I like having bits of motivational words surrounding me for several reasons. First of all, it gives me a sense of reassurance and hope and second of all it’s just great to surround yourself with positive words. I am attracted to words that inspire me to dig deep inside, to search for meaning in my life and maintain a sense of balance. Words like these remind me that all is well. It reminds me that even during the times when I struggle to feel confident or optimistic, that I am not alone. Words can be so reassuring when used in a healthy and appropriate manner.
A few years ago, I discovered the work of Brene Brown, PhD., LMSW and since then, I have not been able to stay away from her books or her website. I have read all of her book publications and strongly recommend that you do too. By far my favorite book is “Daring Greatly: How The Courage To Be Vulnerable Transforms the Way We Live, Love, Parent and Lead.” This book had a significant impact on me and shifted the direction of my thoughts. She quotes an excerpt from Theodore Roosevelt’s speech “Citizens in a Republic” and that quote has been stuck in my mind and on my wall ever since I read this book in 2013.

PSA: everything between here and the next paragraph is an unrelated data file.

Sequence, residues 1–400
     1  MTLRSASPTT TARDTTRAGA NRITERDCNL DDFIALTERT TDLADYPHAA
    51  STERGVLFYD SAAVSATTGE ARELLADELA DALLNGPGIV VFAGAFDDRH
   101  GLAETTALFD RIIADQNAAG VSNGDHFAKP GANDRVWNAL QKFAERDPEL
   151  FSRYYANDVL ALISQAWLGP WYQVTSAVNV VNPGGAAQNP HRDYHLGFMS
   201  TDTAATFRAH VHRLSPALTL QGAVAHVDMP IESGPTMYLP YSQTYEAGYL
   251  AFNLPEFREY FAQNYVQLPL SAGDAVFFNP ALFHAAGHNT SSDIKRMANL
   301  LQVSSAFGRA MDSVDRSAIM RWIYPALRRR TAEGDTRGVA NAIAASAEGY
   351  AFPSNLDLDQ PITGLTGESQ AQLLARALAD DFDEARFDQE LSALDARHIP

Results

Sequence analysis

I wanted to share this excerpt because it is one of the main sources of my motivation and my “go to” thing when I start questioning my abilities or start judging myself in an unhealthy way. It tends to nip the negative self talk and takes me back to my defined purpose and inner source of strength. I hope you find inspiration in these words too.
“It is not the critic who counts; not the man who points out how the strong man stumbles, or where the doer of deeds could have done them better.
The credit belongs to the man who is actually in the arena, whose face is marred by dust and sweat and blood; who strives valiantly; who errs; who comes short again and again,
because there is no effort without error and shortcoming; but who does actually strive to do the deeds; who knows great enthusiasms, the great devotions, who spends himself in a worthy cause;
who at his best knows in the end the triumph of high achievement, and who at the worst, if he fails, at least fails while daring greatly…”